The booming online education sector needs more regulation and supervision, according to a recent survey, China Youth Daily reported Thursday.
Sixty-seven percent of the respondents said the review of online education institutions should be strengthened before these companies are allowed to enter the market, and 61.9 percent want authorities to regulate the institutions in terms of fees and courses.
The survey, conducted by the newspapers' social survey center and wenjuan.com, interviewed 2,005 people.
The problems cited by respondents include no guarantee of teachers' academic qualifications and instructional competence (56.2 percent), uneven quality of various online education institutions (49.5 percent) and lack of immediate and face-to-face communication with the teacher (44.6 percent).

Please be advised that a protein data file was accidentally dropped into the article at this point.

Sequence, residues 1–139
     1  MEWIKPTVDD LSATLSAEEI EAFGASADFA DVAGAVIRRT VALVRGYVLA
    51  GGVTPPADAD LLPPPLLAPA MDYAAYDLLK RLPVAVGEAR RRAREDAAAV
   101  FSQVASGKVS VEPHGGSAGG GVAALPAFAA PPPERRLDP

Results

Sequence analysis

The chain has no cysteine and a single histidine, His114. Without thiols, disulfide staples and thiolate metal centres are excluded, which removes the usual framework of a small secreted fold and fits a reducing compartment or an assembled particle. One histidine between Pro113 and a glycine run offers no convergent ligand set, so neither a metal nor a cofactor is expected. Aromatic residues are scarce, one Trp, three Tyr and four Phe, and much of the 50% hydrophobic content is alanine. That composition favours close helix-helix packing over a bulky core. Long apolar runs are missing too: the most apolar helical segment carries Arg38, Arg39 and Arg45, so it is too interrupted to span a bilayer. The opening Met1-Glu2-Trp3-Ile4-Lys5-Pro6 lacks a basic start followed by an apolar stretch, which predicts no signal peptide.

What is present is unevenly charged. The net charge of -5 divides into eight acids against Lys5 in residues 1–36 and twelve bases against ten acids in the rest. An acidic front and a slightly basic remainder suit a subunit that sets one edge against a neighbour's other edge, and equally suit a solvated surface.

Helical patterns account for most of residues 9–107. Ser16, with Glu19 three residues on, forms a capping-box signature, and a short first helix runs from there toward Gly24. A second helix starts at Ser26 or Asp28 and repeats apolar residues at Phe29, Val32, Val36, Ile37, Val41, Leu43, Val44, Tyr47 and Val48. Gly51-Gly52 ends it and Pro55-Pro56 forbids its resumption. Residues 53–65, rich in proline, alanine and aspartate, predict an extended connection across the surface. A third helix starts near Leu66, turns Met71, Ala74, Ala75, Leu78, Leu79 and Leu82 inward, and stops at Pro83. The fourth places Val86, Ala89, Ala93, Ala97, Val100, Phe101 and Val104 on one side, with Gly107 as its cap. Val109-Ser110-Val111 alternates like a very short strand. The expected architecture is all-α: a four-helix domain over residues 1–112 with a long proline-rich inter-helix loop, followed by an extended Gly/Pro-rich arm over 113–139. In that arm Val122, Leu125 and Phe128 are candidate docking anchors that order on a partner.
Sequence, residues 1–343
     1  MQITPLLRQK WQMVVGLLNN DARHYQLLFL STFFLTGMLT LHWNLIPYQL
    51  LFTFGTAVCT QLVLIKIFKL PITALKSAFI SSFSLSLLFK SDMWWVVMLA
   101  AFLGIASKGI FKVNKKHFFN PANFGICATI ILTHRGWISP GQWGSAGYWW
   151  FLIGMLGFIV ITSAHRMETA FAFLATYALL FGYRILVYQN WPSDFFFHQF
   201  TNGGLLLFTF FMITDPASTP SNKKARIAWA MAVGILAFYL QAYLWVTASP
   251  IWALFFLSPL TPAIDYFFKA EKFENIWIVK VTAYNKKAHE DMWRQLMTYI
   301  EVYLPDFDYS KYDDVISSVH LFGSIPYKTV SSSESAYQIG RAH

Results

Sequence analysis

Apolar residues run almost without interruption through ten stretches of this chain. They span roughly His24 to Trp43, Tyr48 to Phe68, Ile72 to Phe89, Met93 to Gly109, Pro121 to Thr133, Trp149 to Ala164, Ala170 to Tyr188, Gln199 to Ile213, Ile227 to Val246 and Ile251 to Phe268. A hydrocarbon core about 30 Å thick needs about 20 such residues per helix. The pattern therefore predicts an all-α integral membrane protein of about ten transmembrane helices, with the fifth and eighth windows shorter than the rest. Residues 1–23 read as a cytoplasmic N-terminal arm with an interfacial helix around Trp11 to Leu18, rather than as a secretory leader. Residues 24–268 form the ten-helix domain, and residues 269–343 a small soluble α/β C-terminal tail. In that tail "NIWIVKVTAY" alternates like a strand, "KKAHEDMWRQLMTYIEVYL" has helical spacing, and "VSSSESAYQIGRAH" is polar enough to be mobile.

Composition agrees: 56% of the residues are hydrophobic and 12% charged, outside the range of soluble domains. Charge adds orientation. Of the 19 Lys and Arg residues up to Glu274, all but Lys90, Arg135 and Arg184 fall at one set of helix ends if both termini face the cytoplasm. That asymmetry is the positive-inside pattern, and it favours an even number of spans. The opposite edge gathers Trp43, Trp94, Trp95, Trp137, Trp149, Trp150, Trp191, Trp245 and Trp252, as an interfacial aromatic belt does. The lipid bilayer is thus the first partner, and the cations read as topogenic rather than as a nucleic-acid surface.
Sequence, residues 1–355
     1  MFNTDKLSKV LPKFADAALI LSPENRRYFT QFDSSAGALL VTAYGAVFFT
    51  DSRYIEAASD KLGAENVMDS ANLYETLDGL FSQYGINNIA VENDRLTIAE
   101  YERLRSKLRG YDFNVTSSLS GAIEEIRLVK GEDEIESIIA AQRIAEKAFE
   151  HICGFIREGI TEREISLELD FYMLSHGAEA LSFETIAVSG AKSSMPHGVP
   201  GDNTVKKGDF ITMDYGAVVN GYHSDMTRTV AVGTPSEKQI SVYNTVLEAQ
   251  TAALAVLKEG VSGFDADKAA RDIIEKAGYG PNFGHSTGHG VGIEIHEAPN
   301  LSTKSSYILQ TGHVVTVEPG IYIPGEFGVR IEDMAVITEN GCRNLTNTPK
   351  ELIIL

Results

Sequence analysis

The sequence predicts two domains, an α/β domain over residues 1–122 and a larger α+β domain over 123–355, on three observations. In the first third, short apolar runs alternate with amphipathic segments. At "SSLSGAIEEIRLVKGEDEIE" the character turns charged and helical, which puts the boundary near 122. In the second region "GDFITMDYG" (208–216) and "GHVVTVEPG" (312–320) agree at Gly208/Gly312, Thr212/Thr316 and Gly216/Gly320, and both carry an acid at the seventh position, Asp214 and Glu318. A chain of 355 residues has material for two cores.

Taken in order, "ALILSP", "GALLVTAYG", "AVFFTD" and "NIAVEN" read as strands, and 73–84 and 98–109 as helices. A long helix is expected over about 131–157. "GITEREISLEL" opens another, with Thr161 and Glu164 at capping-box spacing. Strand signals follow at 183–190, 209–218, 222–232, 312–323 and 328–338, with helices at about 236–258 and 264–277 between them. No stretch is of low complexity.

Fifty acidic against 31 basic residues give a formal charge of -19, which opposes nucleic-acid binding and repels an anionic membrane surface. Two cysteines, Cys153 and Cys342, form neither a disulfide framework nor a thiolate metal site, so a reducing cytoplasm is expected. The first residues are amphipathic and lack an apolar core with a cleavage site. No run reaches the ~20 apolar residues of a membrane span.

Chu Zhaohui, a researcher with the National Institute of Education Sciences, said there is little effective teacher-student interaction in online classes when there are multiple students for one teacher. Even one-on-one online education can sometimes miss key information such as body language.
But online education, which makes learning more accessible, is still an appealing option for many, with 86.9 percent of the respondents having used online education.
The respondents think the main advantages of online education include flexible arrangement of study time (64.9 percent), adjustable study schedule based on learning outcomes (59.7 percent) and abundant course resources (55.8 percent).
More than 64 percent of the respondents take online courses for vocational skills training, nearly 46 percent for developing new hobbies and 33.7 percent for preparing for entrance exams. Some choose to take online courses to increase their knowledge or as extracurricular classes, the survey showed.
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